Last week, the top half of One Vanderbilt‘s 100-foot-tall architectural spire was finally replaced at the pinnacle of the 77-story Midtown East supertall. The spire was first put in place when the 1,401-foot-tall skyscraper topped out on September 18, 2019, but was disassembled in mid-December to make it easier for the construction crane to swing about. The reinstallation marks a major construction milestone for the Kohn Pedersen Fox-designed office tower, which is getting close to completion.
Recent photos show the fully topped-out edifice with only a few sections of the curtain wall among the tapering crown remaining to be installed. Close-up shots show the outdoor observatory, known as The Summit, with its tall glass railings in place directly below the first sloped setback.
It won’t be long before the final panel is installed and the construction crane can be disassembled. Meanwhile, the exterior hoist on the northern elevation has been steadily coming down, revealing the real width of the superstructure. The thin diagonal lines that zigzag on each face of the crown are now starting to become more visually apparent, and add an extra layer of detail to the upper building massing. The massive skyscraper makes a tremendous addition to the Midtown skyline, joining landmarks like the Empire State Building, the Chrysler Building, and the rising cityscape of Hudson Yards.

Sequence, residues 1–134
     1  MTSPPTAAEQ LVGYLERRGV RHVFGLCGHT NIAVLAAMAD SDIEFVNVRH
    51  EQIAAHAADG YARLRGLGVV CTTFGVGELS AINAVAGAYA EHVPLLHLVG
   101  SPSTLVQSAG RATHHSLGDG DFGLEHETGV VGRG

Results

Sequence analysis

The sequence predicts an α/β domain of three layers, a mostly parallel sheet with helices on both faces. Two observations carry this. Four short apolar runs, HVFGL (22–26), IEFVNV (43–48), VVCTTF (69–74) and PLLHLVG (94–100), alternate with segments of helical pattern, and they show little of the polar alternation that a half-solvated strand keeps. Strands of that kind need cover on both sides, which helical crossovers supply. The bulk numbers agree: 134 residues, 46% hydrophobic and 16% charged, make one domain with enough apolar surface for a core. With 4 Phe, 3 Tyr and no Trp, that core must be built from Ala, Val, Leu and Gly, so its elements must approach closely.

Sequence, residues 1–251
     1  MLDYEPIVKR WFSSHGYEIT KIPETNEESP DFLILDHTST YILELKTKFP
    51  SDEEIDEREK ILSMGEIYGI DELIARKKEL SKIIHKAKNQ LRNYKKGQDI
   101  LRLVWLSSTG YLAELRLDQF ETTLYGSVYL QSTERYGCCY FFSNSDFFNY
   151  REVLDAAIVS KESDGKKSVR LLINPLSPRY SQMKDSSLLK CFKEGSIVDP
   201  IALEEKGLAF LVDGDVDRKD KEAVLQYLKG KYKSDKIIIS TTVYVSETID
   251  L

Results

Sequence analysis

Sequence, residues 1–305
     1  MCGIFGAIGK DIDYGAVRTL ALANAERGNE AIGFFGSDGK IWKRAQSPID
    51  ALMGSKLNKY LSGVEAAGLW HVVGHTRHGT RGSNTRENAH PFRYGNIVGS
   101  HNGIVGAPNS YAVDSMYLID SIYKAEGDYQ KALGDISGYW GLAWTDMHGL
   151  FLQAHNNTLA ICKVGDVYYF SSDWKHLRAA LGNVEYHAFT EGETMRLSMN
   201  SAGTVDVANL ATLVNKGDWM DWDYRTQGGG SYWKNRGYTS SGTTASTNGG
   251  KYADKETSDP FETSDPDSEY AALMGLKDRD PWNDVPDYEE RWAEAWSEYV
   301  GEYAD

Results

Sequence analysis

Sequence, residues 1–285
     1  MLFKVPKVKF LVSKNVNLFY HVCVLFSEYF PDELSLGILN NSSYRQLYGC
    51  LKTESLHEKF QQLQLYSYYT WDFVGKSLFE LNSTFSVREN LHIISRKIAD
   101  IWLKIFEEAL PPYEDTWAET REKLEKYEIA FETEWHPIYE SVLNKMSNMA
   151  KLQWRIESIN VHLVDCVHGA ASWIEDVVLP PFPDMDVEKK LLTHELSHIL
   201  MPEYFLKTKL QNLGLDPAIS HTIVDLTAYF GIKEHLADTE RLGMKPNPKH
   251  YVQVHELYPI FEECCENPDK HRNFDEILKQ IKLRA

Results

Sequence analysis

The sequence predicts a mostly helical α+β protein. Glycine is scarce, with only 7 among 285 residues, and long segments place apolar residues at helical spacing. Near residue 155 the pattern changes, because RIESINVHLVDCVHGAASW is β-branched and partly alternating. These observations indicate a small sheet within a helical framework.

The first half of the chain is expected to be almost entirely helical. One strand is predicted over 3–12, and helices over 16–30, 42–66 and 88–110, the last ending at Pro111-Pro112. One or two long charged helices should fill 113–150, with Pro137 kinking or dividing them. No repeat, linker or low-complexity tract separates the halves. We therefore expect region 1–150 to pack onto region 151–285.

Probably the most anticipated aspect of One Vanderbilt is The Summit indoor-outdoor observatory that will stand 1,000 feet above the city. Slated to open in October 2021, the observatory is designed by Snohetta and will be managed by SL Green. Amenities for the building’s commercial tenants include meeting rooms, a lounge, and an outdoor terrace. The building is also slated to feature an 11,000-square-foot restaurant from Daniel Boulud.
YIMBY previously reported that One Vanderbilt is slated to finish and open on August 4, 2020.